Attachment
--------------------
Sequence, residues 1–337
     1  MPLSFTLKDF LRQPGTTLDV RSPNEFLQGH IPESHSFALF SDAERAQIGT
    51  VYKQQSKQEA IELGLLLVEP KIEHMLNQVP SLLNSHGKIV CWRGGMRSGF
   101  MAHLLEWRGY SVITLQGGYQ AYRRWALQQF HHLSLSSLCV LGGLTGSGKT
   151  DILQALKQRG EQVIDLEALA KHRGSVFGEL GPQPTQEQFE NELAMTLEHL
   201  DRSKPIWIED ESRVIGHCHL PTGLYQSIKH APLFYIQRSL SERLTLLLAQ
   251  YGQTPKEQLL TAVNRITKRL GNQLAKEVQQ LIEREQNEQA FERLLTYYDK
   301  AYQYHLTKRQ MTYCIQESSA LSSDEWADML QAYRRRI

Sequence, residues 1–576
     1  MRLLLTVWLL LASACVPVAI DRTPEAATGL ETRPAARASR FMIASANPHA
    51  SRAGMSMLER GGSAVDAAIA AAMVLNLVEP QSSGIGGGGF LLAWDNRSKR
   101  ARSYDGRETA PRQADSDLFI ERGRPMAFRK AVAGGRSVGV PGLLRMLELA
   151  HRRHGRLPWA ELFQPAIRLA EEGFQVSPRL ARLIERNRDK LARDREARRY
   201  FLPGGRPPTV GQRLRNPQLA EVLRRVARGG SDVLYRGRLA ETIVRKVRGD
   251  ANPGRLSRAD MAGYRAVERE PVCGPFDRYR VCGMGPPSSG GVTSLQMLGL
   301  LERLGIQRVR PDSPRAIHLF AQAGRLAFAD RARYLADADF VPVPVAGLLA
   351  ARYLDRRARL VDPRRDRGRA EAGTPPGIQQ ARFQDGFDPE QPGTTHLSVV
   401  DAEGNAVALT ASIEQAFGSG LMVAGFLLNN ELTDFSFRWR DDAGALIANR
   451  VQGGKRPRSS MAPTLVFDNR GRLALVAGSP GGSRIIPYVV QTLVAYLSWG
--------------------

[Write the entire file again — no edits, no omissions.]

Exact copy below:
Sequence, residues 1–337
     1  MPLSFTLKDF LRQPGTTLDV RSPNEFLQGH IPESHSFALF SDAERAQIGT
    51  VYKQQSKQEA IELGLLLVEP KIEHMLNQVP SLLNSHGKIV CWRGGMRSGF
   101  MAHLLEWRGY SVITLQGGYQ AYRRWALQQF HHLSLSSLCV LGGLTGSGKT
   151  DILQALKQRG EQVIDLEALA KHRGSVFGEL GPQPTQEQFE NELAMTLEHL
   201  DRSKPIWIED ESRVIGHCHL PTGLYQSIKH APLFYIQRSL SERLTLLLAQ
   251  YGQTPKEQLL TAVNRITKRL GNQLAKEVQQ LIEREQNEQA FERLLTYYDK
   301  AYQYHLTKRQ MTYCIQESSA LSSDEWADML QAYRRRI

Sequence, residues 1–576
     1  MRLLLTVWLL LASACVPVAI DRTPEAATGL ETRPAARASR FMIASANPHA
    51  SRAGMSMLER GGSAVDAAIA AAMVLNLVEP QSSGIGGGGF LLAWDNRSKR
   101  ARSYDGRETA PRQADSDLFI ERGRPMAFRK AVAGGRSVGV PGLLRMLELA
   151  HRRHGRLPWA ELFQPAIRLA EEGFQVSPRL ARLIERNRDK LARDREARRY
   201  FLPGGRPPTV GQRLRNPQLA EVLRRVARGG SDVLYRGRLA ETIVRKVRGD
   251  ANPGRLSRAD MAGYRAVERE PVCGPFDRYR VCGMGPPSSG GVTSLQMLGL
   301  LERLGIQRVR PDSPRAIHLF AQAGRLAFAD RARYLADADF VPVPVAGLLA
   351  ARYLDRRARL VDPRRDRGRA EAGTPPGIQQ ARFQDGFDPE QPGTTHLSVV
   401  DAEGNAVALT ASIEQAFGSG LMVAGFLLNN ELTDFSFRWR DDAGALIANR
   451  VQGGKRPRSS MAPTLVFDNR GRLALVAGSP GGSRIIPYVV QTLVAYLSWG